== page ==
In the ``Preface", I stated that it is not my intention to launch an attack on community service and its ideals, rather, I wish to expose the limitations on the ethics of community service. Exposing the possible sources of unethical aspects of CS allows us to see where it is possible to promote these very ethics, to move towards an ethical form of community service.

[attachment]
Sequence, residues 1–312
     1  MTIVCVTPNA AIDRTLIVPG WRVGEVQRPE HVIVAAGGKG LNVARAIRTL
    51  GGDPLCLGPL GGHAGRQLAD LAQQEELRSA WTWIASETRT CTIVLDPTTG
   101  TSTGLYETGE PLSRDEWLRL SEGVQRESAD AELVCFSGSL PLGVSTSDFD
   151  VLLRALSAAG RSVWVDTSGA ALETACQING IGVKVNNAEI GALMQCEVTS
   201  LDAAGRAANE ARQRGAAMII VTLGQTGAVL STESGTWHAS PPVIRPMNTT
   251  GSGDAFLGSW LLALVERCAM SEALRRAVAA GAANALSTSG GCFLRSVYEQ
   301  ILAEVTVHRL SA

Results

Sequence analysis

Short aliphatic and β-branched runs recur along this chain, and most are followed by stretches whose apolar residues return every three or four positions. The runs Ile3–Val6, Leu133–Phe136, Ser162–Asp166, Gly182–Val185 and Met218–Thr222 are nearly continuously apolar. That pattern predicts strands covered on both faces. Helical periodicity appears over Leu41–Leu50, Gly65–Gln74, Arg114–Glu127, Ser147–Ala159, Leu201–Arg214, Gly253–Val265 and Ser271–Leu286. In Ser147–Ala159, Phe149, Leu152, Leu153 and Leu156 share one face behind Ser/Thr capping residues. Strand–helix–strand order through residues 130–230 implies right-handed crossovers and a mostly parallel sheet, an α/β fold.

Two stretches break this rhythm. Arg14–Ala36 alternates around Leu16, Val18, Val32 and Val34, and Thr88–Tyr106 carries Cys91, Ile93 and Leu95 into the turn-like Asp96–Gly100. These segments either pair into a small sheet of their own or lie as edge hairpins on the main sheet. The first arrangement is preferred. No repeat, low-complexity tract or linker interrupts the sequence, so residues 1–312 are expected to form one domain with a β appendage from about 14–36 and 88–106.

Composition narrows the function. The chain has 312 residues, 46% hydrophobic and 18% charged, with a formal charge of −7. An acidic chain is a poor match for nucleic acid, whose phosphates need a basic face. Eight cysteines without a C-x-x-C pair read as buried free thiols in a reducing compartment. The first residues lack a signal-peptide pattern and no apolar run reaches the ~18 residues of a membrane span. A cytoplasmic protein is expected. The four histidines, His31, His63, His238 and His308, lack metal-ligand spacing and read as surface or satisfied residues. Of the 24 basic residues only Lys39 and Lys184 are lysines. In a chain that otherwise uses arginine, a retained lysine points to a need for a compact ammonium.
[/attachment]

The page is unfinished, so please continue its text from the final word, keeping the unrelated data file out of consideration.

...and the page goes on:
A clearest route towards this ethical form is to offset these ethical problems with tangible benefits gained for the beneficiaries by the actors. The unethical aspects of CS as outlined are at their worst when the act of CS does nothing for the beneficiaries, for then such compromises with ethics and morality do not lead to any ends for the beneficiaries. That is, the beneficiaries are treated as ends when, and only when, the service is of benefit to them. If not, they are treated only as means towards accomplishing the requirements that predicate this form of service—-this treatment of the beneficiaries as means and not as ends is one of the worst of all ethical transgressions. The gulf that requires one party to view the other as objects is a necessity, but its obviously unethical nature can be overcome if the others are helped in some way; if the Other is helped, the objectification of this other is justified and does not need to be seen as completely unethical. In short, CS is only completely unethical if it is in itself an ends—-it can only be ethical if the unethical aspects of this act are means towards the obviously ethical ends of beneficence and helpfulness. Even as CS is distinct from these ethical forms of beneficence, it can be used as a means towards such forms, so that the inherent unethical nature of CS is justified and becomes a necessary tool towards an ethical treatment of the beneficiaries.